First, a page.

sergio caballero santos

Imagen del investigador sergio caballero santos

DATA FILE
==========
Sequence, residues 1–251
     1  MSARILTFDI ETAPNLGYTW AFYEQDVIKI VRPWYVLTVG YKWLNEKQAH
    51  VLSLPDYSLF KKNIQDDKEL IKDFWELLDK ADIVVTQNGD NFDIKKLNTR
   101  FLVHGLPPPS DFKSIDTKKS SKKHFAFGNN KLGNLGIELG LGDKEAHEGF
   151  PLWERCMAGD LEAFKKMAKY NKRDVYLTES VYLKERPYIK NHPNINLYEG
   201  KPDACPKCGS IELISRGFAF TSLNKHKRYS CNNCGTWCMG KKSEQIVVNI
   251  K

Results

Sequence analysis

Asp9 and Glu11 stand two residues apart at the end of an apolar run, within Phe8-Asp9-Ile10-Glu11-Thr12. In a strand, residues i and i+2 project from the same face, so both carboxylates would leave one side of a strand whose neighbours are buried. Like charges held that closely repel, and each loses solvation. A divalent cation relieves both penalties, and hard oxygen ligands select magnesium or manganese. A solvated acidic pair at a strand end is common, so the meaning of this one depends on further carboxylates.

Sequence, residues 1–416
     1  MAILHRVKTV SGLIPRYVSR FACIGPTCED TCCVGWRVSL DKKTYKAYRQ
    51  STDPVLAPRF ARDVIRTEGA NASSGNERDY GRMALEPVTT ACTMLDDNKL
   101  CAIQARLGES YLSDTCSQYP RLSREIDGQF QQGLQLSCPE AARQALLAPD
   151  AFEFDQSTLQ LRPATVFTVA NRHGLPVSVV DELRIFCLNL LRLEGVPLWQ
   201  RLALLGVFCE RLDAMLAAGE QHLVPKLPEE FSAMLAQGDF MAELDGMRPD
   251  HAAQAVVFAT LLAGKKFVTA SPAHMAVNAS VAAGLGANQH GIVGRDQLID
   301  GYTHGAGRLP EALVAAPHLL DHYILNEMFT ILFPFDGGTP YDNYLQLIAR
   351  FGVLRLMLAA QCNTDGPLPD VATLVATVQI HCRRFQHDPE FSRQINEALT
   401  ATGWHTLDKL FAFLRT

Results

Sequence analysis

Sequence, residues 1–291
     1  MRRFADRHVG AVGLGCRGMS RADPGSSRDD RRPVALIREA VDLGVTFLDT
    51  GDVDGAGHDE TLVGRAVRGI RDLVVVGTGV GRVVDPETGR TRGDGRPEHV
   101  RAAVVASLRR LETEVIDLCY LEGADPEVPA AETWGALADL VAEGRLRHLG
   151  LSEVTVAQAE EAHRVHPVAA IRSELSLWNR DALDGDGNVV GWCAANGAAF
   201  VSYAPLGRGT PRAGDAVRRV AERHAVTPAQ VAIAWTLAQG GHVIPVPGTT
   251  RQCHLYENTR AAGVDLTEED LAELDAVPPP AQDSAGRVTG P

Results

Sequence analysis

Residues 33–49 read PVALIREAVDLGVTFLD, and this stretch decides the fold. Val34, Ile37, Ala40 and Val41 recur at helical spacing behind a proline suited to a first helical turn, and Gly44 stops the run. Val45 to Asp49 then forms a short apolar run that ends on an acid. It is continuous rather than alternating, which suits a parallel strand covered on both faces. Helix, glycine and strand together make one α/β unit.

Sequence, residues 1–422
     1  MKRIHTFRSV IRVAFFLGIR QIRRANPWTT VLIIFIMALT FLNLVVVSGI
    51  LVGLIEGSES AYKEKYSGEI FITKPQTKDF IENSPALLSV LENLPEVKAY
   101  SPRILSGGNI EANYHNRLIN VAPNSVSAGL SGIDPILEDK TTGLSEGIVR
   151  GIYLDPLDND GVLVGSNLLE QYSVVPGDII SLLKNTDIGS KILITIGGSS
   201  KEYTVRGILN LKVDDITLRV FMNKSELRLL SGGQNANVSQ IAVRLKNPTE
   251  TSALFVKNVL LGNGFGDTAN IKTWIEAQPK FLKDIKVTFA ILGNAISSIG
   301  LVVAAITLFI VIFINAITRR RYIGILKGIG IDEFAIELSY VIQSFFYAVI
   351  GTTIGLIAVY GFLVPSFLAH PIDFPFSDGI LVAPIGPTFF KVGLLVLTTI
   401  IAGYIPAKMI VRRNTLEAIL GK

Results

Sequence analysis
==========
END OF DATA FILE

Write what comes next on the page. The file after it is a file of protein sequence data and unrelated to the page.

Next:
Sergio Caballero has a PhD in International Relations in 2012 (Universidad Autónoma de Madrid) with a thesis qualified with Sobresaliente summa cum laude. Graduated in Law (2002) and in Political Sciences (2004) (UAM). Since 2016 he is professor at the Department of IR in the University of Deusto, Bilbao (Spain), where he has been Vice Dean for Research and International Relations as well as the Principal Investigator of the research team in “International Relations and Multidimensional Security”. At the University of Deusto, he has been teaching classes from “Advanced Theories of International Relations” to “Foreign Policy” and “Latin America in the world”, encompassing undergraduate teaching as well as master and doctorate programs. Furthermore, since 2011 he has been teaching in the UAM postgraduate courses. He has also been teaching in the UCM postgraduate program on International Relations and International Public Law since 2014. Until 2016 he has also been associate professor at Universidad Antonio de Nebrija, as well as at Universidad ICADE-Comillas. Previously, he enjoyed some predoctoral mobility programs in prestigious academic centers in Lisboa, Bath and Montevideo. And more recently, he has taught as visiting scholar in universities in Stockholm and Pisa. He has taken part in 8 research projects in competitive calls. Thanks to them, he has been able to publish 35 academic works, including more than 20 academic papers, 3 books and 7 chapters. He has two main research lines: on the one hand, one research line examining Latin American regionalism, focusing on Latin American foreign policies, mainly Brazilian one, but also dealing with Latin American-European Union ties. Thanks to these topics, some publications have been written with Latin American colleagues, reinforcing interregional academic networks. And, on the other hand, he has focused on IR theoretical debates (agency-structure debate, for instance) as well as on the struggle between security and development. In that sense, some of his last researches have been (i) on borders, unveiling the political dimension of this spatiality understood as a periphery vis-à-vis the capital cities and the state-centric perspectives; and (ii) on critical security studies and feminist studies and ethics of care, in order to understand security from a broader and more comprehensive angle in comparison to the traditional realist explanations.

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